I spent the first half of the day at work eagerly waiting for the 11th hour so I could jaunt over to Carey College to sit in at the Allelon Summer Institute. I was eager to hear Alan Roxburgh, Cam Roxburgh, and Alan Hirsch talk about things missional. I was equally eager to meet up with a few from the blogging community. I sat with Bill Kinnon and his wife Imbi (a delightful couple) during lunch and had an opportunity to talk through some of what Alan R was getting at in his talk as well. After lunch I met Mike Todd in person and had a chance to chat with him for a bit. I also got to connect with Scott Cripps and Santosh, both blogging friends on the missional journey. In the afternoon, I sat in on Alan Hirsch’s teaching about discipleship and practices. He is quite the teacher and what he said was profound. Below are some general summaries of what each of them said (what I heard for the brief time i was there, anyway).
Alan R talked about change and how the notion of mission, vision, and values are not something that can be prescribed into a given context. He suggested a lengthy process of listening and discernment to tease out the stories that are shaping the people of the congregation, followed by a journey into missional experimentation. The premise is that God’s Spirit and future is among his people and if we plop some strategy for growth onto a congregation from the top down in the form of mission, vision and values, we defy that premise altogether. The task of listening is one that places the congregation into a receptive and responsive posture to the work of God’s Spirit both inside and outside of the church. An engagement of practices that cultivates an environment for discernment and experimentation is the desired resolve to stoke deep honesty and innovate missional change.
I missed a bunch of what he said… this is what I caught from the 35 mins I was there.
Alan Hirsch talked about discipleship and missional practices. Below are some of my notes.
• Discipleship is ultimately embodiment of the Gospel (Jesus)
• Leadership is an extension of discipleship.
• Early Church was known for it’s radical goodness…
Gandhi, takes on the role of weaver. An image of Christ, taking on the lowest of the lowest (weaver) in the caste system Gandhi gets his authority from Jesus….he read Leo Tolstoy on the Sermon on the Mount….an embodiment of Kingdom values. In doing so, he challenges the status quo (Royal Consciousness) and inspires many more in the future. Authority is the example of a life consistent with teaching and that becomes the basis for authority. Our models of top down leadership are not Christ like. We do not exude the values of the Sermon on the Mount.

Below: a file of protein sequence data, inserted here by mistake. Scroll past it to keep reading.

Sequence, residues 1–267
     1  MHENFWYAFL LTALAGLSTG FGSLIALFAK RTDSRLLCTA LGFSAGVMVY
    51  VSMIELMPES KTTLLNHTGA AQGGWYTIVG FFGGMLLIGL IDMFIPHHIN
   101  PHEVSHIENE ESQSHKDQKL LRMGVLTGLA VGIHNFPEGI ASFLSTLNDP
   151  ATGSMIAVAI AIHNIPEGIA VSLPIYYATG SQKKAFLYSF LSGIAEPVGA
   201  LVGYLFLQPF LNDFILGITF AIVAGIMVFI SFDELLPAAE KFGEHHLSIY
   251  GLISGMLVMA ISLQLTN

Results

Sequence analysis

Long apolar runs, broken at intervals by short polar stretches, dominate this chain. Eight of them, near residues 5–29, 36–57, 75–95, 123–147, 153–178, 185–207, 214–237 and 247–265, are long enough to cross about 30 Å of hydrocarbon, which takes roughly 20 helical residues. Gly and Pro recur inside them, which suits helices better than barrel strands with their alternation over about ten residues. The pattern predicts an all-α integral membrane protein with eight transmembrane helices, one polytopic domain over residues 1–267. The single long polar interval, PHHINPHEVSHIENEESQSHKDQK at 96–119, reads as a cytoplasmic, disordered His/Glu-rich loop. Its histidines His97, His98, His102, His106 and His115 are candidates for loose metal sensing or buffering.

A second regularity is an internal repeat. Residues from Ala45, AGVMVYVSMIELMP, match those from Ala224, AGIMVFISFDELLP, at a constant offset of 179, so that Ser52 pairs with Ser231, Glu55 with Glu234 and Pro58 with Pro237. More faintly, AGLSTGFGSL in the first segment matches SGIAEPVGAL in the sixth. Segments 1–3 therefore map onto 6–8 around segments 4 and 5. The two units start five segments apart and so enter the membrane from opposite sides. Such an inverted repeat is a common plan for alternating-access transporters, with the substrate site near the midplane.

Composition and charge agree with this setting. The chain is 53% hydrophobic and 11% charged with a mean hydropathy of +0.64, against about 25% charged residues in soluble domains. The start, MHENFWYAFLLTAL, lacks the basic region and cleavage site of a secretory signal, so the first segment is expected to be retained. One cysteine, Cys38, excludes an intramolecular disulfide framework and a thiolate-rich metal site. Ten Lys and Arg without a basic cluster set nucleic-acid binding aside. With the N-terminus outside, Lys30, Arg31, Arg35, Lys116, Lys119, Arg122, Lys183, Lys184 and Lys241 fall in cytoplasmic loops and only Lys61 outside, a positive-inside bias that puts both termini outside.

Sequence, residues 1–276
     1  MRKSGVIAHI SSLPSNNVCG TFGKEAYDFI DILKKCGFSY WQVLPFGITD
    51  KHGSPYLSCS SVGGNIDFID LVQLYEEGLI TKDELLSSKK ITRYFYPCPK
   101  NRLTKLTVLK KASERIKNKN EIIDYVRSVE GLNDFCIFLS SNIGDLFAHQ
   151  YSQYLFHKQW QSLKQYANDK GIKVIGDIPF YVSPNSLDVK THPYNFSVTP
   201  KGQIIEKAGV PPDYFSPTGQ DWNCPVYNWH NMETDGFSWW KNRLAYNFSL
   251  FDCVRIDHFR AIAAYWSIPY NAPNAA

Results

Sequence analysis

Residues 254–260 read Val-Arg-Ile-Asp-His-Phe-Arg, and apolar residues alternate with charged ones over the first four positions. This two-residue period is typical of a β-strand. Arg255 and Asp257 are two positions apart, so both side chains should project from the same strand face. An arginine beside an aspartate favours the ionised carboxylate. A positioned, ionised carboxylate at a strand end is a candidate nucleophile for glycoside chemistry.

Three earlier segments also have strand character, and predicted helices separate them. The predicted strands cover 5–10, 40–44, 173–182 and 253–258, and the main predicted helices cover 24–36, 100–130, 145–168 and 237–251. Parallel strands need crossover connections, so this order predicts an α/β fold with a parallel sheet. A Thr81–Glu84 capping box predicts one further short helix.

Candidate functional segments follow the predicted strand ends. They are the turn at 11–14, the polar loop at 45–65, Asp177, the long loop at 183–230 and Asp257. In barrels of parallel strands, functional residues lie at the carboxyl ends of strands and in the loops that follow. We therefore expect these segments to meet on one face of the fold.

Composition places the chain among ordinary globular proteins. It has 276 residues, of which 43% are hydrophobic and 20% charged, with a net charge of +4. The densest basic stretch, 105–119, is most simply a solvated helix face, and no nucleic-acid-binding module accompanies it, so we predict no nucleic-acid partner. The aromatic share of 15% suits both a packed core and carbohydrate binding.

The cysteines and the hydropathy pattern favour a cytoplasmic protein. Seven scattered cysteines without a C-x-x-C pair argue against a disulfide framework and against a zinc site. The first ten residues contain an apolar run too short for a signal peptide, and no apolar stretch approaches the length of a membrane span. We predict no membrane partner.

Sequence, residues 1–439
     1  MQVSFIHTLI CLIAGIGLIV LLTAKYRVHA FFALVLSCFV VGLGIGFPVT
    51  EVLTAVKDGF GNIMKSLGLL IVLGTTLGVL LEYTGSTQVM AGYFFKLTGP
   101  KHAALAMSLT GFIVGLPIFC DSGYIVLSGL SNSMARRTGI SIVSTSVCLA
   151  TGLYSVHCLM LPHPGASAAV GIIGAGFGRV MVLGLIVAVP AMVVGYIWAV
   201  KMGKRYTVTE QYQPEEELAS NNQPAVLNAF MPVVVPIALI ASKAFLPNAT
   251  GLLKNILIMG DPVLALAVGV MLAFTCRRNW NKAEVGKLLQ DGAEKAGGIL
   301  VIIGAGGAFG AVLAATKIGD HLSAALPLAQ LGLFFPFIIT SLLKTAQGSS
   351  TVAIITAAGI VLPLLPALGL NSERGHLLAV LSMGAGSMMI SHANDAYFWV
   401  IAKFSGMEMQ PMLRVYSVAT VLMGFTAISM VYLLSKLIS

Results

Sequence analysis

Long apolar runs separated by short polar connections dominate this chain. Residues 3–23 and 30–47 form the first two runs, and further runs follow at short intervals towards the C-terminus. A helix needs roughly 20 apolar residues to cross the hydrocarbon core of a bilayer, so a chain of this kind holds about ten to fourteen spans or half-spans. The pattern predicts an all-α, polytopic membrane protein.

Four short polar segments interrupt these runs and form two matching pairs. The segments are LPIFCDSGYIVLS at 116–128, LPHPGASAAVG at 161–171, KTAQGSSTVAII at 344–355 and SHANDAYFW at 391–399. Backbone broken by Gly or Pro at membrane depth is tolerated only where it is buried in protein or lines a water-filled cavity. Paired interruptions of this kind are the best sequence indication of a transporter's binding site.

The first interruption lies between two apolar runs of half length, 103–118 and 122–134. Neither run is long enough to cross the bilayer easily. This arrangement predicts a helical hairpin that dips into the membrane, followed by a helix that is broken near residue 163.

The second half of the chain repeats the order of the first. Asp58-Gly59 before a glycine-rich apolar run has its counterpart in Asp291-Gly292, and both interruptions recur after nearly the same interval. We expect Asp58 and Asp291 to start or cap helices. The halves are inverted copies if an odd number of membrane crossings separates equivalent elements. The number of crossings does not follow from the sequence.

The Greek way – Think your way into a new way of action – the idea of knowledge is that if we can think it we will get it and we will change. This is an assumption that does not address the deep issues of behaviour, or discipleship.
Hebraic way – act your way into a new way of thinking. Jesus modeled this. Action drives thinking…why, what does it mean, Is it right or wrong? The Hebraic way is much closer to the human experience.
Just let people to do something? Hirsch says this will change things/people toward being missional? I am not certain this is capable if we do not go
through the listening process Alan R talked about.
Practices are not about values, but a re practices based on value that shape a community.
A Model for Practices
B = Bless x 3 (something good for someone, pray, paint, encourage
E = Eat x 3 (have food with someone at least 3 times per week. Hospitality)
L = Listening x 1 hour per week. (Somehow being attentive to God in quiet prayer)
L = Learn – committed to discipling through the Gospels….looping through Learning community
S = commitment to being sent. Keep a journal to how God is at work and how they saw God in their lives…
When they come together, on a Sunday, they walk through this together…bless, eat then someone is invited to share, teach the community. And then they are sent….they call out their sent-ness.
They call out the beauty of each person’s sent-ness, and then they go
This brings down the divide between sacred and secular…
Our job is to make all things sacred.
I had to leave just before Cam Roxburgh finished his talk about church planting in the Canadian context. He took some time to share his thoughts from 1 Peter 2:9-11 and share the Southside story. It is always refreshing to hear the story again (I am part of it) and a passion for the church that is inspiring exudes from Cam. We are on a journey as a church that has taken us into five different contexts and we have had much opportunity to experiment with new and innovating ways of incarnating the gospel into our communities.
I left and made my way home to prepare for our neighbourhood “coffee night get together”. I met a friend from our congregation and went to the local bakery and picked up all the left over bread they baked (6 bins full). We then set up shop in another friends carport and gave away free bread while people joined us for refreshments. It was a perfect night to bless our neighbourhood. We both welcomed people and delivered bread to the neighbours as a way to show that we care about this community. No agenda, just love for this place that pours out from us because we realize how deeply we are loved by God. It was neat leaving a conference on missional engagement to go and practice what we were talking about.
Alas, the end of my evening and following this post I am off to bed exhausted.
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